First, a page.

1.13.3 • Public • Published

    jsvu Build status jsvu on npm

    jsvu is the JavaScript (engine) Version Updater.

    jsvu makes it easy to install recent versions of various JavaScript engines without having to compile them from source.


    Note: jsvu requires Node.js v14+. (jsvu follows the latest active LTS version of Node.)

    Install the jsvu CLI:

    npm install jsvu -g

    Modify your dotfiles (e.g. ~/.bashrc) to add ~/.jsvu to your PATH:

    export PATH="${HOME}/.jsvu:${PATH}"

    Then, run jsvu:


    On first run, jsvu prompts you for your operating system and architecture, and the list of JavaScript engines you wish to manage through jsvu. It then downloads and installs the latest version of each of the engines you selected.

    To update the installed JavaScript engines later on, just run jsvu again.

    Supported engines per OS

    JavaScript engine Binary name mac64 mac64arm win32 win64 linux32 linux64
    Chakra chakra or ch
    GraalJS graaljs
    Hermes hermes & hermes-repl
    JavaScriptCore javascriptcore or jsc *
    QuickJS quickjs
    SpiderMonkey spidermonkey or sm
    V8 v8
    V8 debug v8-debug
    XS xs (32) (32)

    * JavaScriptCore requires external dependencies to run on Windows:

    • On 32-bit Windows, install iTunes.
    • On 64-bit Windows, download the latest WinCairoRequirements and add its bin64 directory to your PATH.

    Integration with eshost-cli

    eshost-cli makes it easy to run and compare code in all JavaScript engines that jsvu installs.

    First, install eshost-cli:

    npm install -g eshost-cli

    Then, either automatically configure jsvu-installed hosts:

    eshost --configure-jsvu

    …or tell eshost-cli where jsvu installs each JavaScript engine following the instructions below.


    eshost --add 'Chakra' ch ~/.jsvu/chakra
    eshost --add 'GraalJS' graaljs ~/.jsvu/graaljs
    eshost --add 'JavaScriptCore' jsc ~/.jsvu/javascriptcore
    eshost --add 'QuickJS' qjs ~/.jsvu/quickjs
    eshost --add 'SpiderMonkey' jsshell ~/.jsvu/spidermonkey
    eshost --add 'V8 --harmony' d8 ~/.jsvu/v8 --args '--harmony'
    eshost --add 'V8' d8 ~/.jsvu/v8
    eshost --add 'XS' xs ~/.jsvu/xs


    eshost --add "Chakra" ch "%USERPROFILE%\.jsvu\chakra.cmd"
    eshost --add "GraalJS" graaljs "%USERPROFILE%\.jsvu\graaljs.cmd"
    eshost --add "JavaScriptCore" jsc "%USERPROFILE%\.jsvu\javascriptcore.cmd"
    eshost --add "SpiderMonkey" jsshell "%USERPROFILE%\.jsvu\spidermonkey.cmd"
    eshost --add "V8 --harmony" d8 "%USERPROFILE%\.jsvu\v8.cmd" --args "--harmony"
    eshost --add "V8" d8 "%USERPROFILE%\.jsvu\v8.cmd"
    eshost --add "XS" xs "%USERPROFILE%\.jsvu\xs.cmd"

    That’s it! You can now run code snippets in all those engines with a single command:

    eshost -e 'new RegExp("\n").toString()' # https://crbug.com/v8/1982
    eshost -e '(function maxCallStackSize() { try { return 1 + maxCallStackSize(); } catch (_) { return 1; }}())'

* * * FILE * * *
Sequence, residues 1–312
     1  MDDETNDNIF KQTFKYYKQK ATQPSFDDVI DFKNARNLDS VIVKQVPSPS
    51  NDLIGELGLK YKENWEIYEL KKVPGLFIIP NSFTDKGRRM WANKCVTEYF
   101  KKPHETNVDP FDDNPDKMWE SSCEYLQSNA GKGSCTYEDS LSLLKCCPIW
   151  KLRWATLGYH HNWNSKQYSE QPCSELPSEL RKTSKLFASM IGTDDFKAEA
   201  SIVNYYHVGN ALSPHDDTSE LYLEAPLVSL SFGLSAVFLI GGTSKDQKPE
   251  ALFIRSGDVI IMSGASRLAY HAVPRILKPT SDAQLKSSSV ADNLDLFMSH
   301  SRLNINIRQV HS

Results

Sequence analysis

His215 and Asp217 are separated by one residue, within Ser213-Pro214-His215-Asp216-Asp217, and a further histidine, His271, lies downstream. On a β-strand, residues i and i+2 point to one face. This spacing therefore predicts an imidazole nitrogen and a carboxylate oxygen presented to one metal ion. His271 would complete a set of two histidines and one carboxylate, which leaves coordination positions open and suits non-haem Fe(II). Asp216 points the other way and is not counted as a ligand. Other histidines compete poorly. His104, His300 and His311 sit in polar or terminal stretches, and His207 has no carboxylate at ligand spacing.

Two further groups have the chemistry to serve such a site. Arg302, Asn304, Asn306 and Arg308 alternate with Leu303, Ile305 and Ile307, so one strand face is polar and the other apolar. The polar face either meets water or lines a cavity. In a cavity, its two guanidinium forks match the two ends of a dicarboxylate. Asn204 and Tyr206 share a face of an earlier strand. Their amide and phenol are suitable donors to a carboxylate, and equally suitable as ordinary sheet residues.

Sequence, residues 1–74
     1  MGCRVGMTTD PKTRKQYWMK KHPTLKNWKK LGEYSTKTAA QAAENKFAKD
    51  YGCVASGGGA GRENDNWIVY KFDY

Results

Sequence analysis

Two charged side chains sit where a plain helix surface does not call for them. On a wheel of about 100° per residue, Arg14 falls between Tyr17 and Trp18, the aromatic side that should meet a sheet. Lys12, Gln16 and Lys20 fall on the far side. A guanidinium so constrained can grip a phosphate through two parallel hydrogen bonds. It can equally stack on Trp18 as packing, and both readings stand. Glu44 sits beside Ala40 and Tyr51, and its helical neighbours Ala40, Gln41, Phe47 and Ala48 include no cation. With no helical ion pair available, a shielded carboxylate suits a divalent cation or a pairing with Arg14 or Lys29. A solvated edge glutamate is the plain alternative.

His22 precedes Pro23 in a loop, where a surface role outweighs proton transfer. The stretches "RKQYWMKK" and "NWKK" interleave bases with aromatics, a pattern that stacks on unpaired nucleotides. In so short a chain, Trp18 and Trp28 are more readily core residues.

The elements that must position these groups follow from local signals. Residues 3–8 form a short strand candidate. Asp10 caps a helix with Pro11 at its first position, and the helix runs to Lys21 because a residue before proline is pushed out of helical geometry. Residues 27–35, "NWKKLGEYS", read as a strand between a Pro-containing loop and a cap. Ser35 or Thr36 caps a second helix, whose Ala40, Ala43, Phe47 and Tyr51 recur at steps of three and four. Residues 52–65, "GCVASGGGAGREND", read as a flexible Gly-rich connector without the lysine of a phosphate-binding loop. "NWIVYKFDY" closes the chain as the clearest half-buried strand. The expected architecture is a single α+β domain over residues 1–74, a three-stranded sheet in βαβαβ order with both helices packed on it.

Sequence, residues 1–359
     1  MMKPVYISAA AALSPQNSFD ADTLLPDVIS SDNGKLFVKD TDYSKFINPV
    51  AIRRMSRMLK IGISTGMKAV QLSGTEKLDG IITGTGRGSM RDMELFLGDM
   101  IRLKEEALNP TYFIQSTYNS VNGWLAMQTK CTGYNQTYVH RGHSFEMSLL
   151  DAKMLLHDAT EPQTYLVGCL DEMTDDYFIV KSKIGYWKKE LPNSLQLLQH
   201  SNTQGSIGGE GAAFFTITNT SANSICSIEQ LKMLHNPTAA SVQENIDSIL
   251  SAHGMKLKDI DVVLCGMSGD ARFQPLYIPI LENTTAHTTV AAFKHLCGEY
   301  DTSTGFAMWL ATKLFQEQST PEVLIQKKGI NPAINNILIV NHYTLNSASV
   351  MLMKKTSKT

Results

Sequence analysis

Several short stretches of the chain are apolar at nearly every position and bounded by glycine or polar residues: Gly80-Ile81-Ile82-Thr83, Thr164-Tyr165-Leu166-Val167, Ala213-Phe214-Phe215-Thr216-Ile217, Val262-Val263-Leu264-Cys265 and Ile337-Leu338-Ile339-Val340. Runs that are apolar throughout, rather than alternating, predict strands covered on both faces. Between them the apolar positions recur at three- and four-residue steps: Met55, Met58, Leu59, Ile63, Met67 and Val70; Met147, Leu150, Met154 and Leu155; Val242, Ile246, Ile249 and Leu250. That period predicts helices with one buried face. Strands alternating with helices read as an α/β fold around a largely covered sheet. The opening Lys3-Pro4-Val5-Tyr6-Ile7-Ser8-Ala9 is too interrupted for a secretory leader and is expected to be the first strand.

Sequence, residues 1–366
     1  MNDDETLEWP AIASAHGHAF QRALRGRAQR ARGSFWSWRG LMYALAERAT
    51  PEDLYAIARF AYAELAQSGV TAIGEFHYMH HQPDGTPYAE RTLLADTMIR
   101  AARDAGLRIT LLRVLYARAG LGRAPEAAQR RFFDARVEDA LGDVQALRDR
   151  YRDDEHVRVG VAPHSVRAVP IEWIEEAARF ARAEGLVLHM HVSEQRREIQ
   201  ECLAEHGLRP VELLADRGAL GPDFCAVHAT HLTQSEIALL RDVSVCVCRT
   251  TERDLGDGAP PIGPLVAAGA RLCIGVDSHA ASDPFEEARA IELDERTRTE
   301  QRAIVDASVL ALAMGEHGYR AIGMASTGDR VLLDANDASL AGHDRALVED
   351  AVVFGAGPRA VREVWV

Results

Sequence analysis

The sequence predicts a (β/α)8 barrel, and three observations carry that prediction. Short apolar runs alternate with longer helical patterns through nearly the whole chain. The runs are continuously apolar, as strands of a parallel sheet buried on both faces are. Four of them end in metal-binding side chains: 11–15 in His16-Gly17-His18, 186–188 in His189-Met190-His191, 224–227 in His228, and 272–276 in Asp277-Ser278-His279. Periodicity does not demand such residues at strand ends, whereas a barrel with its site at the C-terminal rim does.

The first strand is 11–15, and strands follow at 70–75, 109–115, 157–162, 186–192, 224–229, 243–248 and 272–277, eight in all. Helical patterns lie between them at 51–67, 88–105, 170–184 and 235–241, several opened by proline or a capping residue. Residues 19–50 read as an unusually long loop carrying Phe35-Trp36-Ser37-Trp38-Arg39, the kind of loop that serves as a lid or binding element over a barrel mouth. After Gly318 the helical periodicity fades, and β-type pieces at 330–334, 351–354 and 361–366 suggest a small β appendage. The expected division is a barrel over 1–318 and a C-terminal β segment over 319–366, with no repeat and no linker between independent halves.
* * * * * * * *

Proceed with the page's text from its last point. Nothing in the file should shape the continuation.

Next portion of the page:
eshost -e 'Date.parse("1 Octopus 2018")'

    Integration with non-interactive environments

    On your personal devices, the only command you’ll ever need is jsvu as described above. There are no command-line flags to remember. 👋🏻

    However, there are use cases for running jsvu within non-interactive environments (e.g. as part of continuous integration), where it’s desirable to bypass the initial jsvu prompt asking to confirm your operating system, architecture, and the list of JavaScript engines to install. Here’s how to do that:

    jsvu --os=linux64 --engines=all
    # Equivalent to:
    jsvu --os=linux64 --engines=chakra,graaljs,hermes,javascriptcore,quickjs,spidermonkey,v8,xs

    If the operating system and architecture are not known in advance, the --os=default flag attempts to guess the correct value from the running environment. This might not be right for example if running a 32-bit Node.js process on a 64-bit machine.

    Note that --engines=all does not install the v8-debug binaries.

    Installing specific versions

    jsvu also supports installing specific versions alongside the main engine binaries (which it keeps up to date). Here’s an example:

    jsvu v8@7.2.502

    Binaries installed using this method are named ${BINARY}-${VERSION}, so that the above example installs a binary named v8-7.2.502. This way, there’s never any conflict with the main v8 binary, which jsvu can keep up to date.

    This feature works for all the supported engines:

    jsvu chakra@1.11.6
    jsvu graaljs@20.2.0
    jsvu hermes@0.6.0
    jsvu javascriptcore@242640
    jsvu quickjs@2019-08-18
    jsvu spidermonkey@66.0b13
    jsvu v8@7.2.502
    jsvu v8-debug@7.1.302
    jsvu xs@8.7.0

    If you pass in an invalid version number, or if the JavaScript engine creators don’t provide a precompiled binary for that specific version, jsvu shows an error.

    As a shorthand, for v8 and v8-debug builds, jsvu can even figure out the last known good revision within a milestone. To install the latest available V8 v7.2.x for example, run:

    jsvu v8@7.2
    # jsvu figures out that this means v7.2.502, and then installs that version.

    Security considerations

    jsvu avoids the need for sudo privileges by installing everything in ~/.jsvu rather than, say, /usr/bin.

    jsvu downloads files over HTTPS, and only uses URLs that are controlled by the creators of the JavaScript engine or, in the case of JavaScriptCore on Linux, the port maintainers.

    For maintainers

    How to publish new releases

    1. On the main branch, bump the version number in package.json:

      npm version patch -m 'Release v%s'

      Instead of patch, use minor or major as needed.

      Note that this produces a Git commit + tag.

    2. Push the release commit and tag:

      git push && git push --tags

      Our CI then automatically publishes the new release to npm.


    Mathias Bynens (@mathias)


    npm i jsvu

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